This next phase is where some cracks began to show. One of the last long training runs on the first Sunday in July and the tragic news that Ben had passed away circulated around Ben’s friends. Ray took the call and made the decision to ring me whilst out on the mountains as we always carry phones but try not to use them. I knew Ben was at a difficult and painful time in his cancer journey. Our final mate date ended with me dropping him at his local surgery instead of home to Louise and his girls. I knew I wouldn’t see him again, I knew his pain was coming to an end.
That training run is as memorable as all of my events this year. Tears, laughter, friends and the fells got me back to the car and ready for home. It was time to just pull on my big girl pants and get ready for the biggest event of my running to date. My pain was nowhere near his pain, my pain was temporary.
The Lakeland 50 day arrived, training completed, a few niggles here and there but relatively good to go, my family, friends, Ray and my long-suffering training bud Mad Dog making sure I didn’t wobble, Gareth and I were on the start and although 50 miles is a long way in a car, running it seems odd to write about even now. There is so much I could write just about the 50 but that’s been done already, and I obviously wouldn’t want to steal Gareth’s crown for the longest blog in history! The last 6 miles coming into Tilberthwaite, running in the heaving rain down the craggy, rocky stone steps of Coniston Old Man, legs completely shredded, the thought sprang into my head, running a mile the next day.

The mile happened, a shuffle, a sharp intake of breath and off I went downhill and then up out of the campsite in Pooley Bridge where we were staying for a few days. THAT.MILE.HURT.
Two Ultras ticked off, one marathon – two half marathons and a final marathon to complete the events for my year. Delamere half marathon was a blast! #TeamOMM back together again, on the trails of the forest with lots of familiar faces marshalling and running meant a memorable day was had once again. Still with fatigue in my legs from the L50 this half was a good social run and the pressure eased post 50, I enjoyed the day. The OMM was next on the list, the second of the marathons. This event was a DNF, conditions were very poor, Bowfell a challenge that remains undefeated with hyperthermia, 70% DNF rate and very disappointed but grateful to safely return to Lancashire from the stunning Langdales, able to run another day.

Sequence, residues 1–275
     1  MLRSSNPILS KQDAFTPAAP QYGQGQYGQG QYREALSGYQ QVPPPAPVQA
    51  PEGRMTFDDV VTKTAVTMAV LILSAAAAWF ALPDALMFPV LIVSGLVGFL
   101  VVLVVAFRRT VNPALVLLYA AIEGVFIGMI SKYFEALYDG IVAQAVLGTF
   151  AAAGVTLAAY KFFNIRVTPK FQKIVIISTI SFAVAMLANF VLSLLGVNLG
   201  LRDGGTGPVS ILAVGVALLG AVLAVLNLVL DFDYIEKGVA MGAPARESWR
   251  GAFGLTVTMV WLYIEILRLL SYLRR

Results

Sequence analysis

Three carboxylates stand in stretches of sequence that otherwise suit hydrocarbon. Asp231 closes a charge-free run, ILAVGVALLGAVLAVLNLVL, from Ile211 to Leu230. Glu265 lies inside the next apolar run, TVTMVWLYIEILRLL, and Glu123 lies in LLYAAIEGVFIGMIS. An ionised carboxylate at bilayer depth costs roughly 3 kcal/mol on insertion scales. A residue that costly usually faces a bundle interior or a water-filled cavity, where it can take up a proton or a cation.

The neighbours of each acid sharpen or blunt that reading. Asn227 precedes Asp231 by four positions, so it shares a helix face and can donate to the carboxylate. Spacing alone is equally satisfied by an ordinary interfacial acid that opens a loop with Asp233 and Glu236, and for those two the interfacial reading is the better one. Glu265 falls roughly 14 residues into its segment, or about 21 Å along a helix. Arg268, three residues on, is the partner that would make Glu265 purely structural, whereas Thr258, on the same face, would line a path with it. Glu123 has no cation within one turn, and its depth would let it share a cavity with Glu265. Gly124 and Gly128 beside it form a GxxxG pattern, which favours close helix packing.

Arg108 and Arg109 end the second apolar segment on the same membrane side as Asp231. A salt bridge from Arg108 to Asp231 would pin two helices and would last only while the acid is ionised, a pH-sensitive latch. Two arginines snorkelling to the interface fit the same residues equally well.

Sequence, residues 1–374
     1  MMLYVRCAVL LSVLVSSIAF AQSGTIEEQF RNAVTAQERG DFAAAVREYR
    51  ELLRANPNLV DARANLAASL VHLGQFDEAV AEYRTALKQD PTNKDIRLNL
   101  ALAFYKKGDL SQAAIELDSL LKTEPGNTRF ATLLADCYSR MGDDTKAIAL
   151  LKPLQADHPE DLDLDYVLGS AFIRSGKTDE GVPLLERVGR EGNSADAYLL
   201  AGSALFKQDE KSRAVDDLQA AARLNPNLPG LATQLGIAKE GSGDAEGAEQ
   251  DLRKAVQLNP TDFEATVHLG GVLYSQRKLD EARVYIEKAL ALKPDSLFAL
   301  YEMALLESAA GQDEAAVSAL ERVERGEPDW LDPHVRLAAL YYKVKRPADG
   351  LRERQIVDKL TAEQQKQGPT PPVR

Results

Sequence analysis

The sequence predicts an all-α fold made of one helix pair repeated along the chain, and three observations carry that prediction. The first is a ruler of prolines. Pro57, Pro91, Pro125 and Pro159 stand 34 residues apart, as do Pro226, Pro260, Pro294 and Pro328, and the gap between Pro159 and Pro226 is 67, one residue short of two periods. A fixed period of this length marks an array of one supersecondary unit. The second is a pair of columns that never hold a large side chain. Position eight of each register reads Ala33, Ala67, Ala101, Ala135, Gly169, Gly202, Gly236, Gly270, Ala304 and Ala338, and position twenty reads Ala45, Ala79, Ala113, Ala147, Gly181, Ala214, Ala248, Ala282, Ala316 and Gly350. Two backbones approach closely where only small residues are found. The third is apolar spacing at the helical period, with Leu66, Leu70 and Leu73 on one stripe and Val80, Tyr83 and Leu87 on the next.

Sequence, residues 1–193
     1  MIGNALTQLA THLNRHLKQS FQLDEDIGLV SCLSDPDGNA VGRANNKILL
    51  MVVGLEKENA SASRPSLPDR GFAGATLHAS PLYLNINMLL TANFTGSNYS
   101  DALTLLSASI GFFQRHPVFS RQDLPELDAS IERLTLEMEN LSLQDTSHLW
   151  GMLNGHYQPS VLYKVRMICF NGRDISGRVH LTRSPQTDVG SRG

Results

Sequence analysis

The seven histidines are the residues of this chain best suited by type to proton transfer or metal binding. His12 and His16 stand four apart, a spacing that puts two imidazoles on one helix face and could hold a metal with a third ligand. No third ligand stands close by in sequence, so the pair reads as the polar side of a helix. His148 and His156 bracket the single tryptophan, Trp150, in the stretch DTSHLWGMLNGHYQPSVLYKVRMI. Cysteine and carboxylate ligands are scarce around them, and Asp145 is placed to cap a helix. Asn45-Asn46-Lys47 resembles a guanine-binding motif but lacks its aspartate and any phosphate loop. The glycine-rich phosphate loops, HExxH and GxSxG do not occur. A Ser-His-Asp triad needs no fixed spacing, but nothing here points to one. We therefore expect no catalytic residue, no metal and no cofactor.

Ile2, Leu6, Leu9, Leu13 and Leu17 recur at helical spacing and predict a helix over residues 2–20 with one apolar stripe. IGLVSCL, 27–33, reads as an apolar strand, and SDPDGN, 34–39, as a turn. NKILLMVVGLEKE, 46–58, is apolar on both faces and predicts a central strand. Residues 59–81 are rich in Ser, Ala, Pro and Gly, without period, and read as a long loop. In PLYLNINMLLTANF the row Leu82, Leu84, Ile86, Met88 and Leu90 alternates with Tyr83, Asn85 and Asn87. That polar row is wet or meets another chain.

Conwy half with an inspirational runner and friend allowed me to support Steve Bullows for every step of his 100th event for Mummy’s Star. 13.1 miles chatting, telling stories admiring the view from the Orme and the penultimate event was boxed off.

With one marathon left to go, not many long distance off road events left on the calendar the Hell of a Hill marathon was shouting at me. The thought of 5 laps around Rivington pike didn’t sound great but failing the targets for the year was not an option. 26.2 on technical terrain was tough, but with great support and an all encouraging training buddy – job done and a respectable time too. The next day THAT.MILE.HURT.

With all running events completed, Strava stats looking promising I could see the end was in sight. parkrun has been a passion for almost 6 years, from my first runs at Preston, back in the day when they had 80/90 runners each week, to setting up Cuerden Valley and doing a bit of tourism and double run days when possible. The elusive 100 shirt needed to be claimed and the November target was approaching and with some coordination Mad Dog and I completed our 100th run in the valley. Steve returned to the valley to run it with me and what a memorable day it was. Now all that was needed was a romp home to the finish of the #365 run every day.
I finish this blog on the eve of New Year’s Eve, excited to be able to hand over the baton to another athlete who will begin their #365 challenge for 2018. He is strong, determined and a great ambassador and former King of the Valley. He will do Ben proud and continue to support the legacy that is “The Ben Ashworth Way”.
(Gareth, I think I top trumped you )
Thank you to all who have donated to my Virgin Money site, you raised over £1,000 for Mummy’s Star. Your support and messages of encouragement have helped me through each day. Keep on running and always be the best you can be.

Pita xx
Ladies Captain
Cry baby, occasional marathon and Ultra Runner